With trading speeds of up to 40% faster, microwave transmission looks set to be an important technology tool for high frequency traders in search of a competitive advantage, but it won’t lead to a wholesale technology change across the industry. There are limitations to microwave and this is why a combination of low latency fibre and microwave is the optimum solution for high frequency trading.
Before these limitations are addressed, it is important to note that microwave technology offers irrefutable speed advantages. In the U.S., we have already witnessed a number of microwave systems going live this year, with the route between the financial centres of Chicago and New York receiving particular attention. Trading firms using the technology are already making their presence felt, with evidence that whoever is first or joint first to market with microwave will gain a significant competitive advantage. Trading desks have reported tangible hits on their fill rates when other market participants go live with microwave services, driving the demand for the IT department to investigate how microwave can be used alongside existing ultra low latency services.
Line of Sight Advantage
The chief advantage of microwave is its ability to travel point-to-point, or what is optimistically referred to as “line of sight”. Put simply, this is where the data is transmitted across the shortest distance between two points, making it faster. Fibre on the other hand has to go underground and around obstacles. In addition, electromagnetic waves travel faster through the air than they do through optical fibre, shaving further micro-seconds from the time it takes to transfer the data.
So far so good. There are, however, physical limitations that traders need to be aware of. As microwave operates point-to-point, the signal can be interrupted by an obstruction, and can become distorted when traveling over large expanses of water. Mountainous or hilly areas, of which Europe has plenty, are immediately ruled out. In addition, there are a finite number of microwave towers across Europe and a finite number of dishes that can fit on to a tower. Once a tower is “full” there is no room for additional capacity. Inevitably, this will mean a race among providers to gain access to these towers. As a result, take-up of microwave services could be restricted to the early adopters.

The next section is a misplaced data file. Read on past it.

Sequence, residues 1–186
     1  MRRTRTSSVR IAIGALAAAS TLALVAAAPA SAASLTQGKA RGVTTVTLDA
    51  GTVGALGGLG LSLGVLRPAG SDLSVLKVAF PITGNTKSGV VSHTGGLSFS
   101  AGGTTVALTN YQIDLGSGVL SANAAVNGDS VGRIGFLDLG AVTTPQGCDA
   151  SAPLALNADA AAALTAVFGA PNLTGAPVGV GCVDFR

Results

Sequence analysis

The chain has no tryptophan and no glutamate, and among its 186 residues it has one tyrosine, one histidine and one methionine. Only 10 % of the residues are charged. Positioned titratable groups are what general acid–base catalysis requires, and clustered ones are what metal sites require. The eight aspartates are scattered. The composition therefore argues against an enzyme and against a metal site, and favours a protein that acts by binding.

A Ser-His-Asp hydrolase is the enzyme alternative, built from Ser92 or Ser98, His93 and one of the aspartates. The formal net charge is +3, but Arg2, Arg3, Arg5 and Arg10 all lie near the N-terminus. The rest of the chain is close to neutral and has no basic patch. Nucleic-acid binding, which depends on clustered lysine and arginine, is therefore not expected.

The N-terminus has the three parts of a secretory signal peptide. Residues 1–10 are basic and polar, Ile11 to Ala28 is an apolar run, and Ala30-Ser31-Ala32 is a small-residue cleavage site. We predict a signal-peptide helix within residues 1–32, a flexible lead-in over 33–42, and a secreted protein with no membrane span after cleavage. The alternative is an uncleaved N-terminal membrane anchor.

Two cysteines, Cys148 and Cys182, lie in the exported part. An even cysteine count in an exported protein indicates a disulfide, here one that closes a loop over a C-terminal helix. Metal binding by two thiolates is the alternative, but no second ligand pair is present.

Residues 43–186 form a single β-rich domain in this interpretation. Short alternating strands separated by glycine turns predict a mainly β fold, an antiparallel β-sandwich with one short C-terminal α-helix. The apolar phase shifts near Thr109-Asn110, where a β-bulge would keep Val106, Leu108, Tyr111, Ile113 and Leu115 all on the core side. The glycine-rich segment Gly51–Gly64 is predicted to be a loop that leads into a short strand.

Availability of Bandwidth
Whereas with fibre you can just keep adding capacity, with microwave you are limited by the availability of bandwidth. The volume of market data being pumped out by exchanges exceeds the microwave bandwidth available, which means trading desks need to determine the best way to exploit microwave in conjunction with fibre. Some firms may, for instance, opt to send market data via microwave for their most profitable financial instruments, and use fibre for everything else. Others may choose to take their market data over fibre for clearing and settlement of trades and use microwave for order execution.
While there are limitations, the shortfalls are clearly not dampening the appetite for this latest weapon in the trading floor armoury. Much of the interest in our own microwave route, between Basildon and Frankfurt, has been driven by the fact that for trading firms, even the smallest of price movements can be the difference between profit and loss. So much so that we are already investigating other European routes and conducting detailed feasibility studies on other routes within the U.K.
Traders have always looked for new ways to trade more quickly. While microwave represents the latest technology to be employed in the race to zero, adopting microwave services will not deliver new areas of business for trading houses, but it will deliver a significant competitive advantage. What is important to consider is how and where the technology is used to best competitive advantage, complementing existing ultra-low latency fibre-based services to exploit pricing differentials.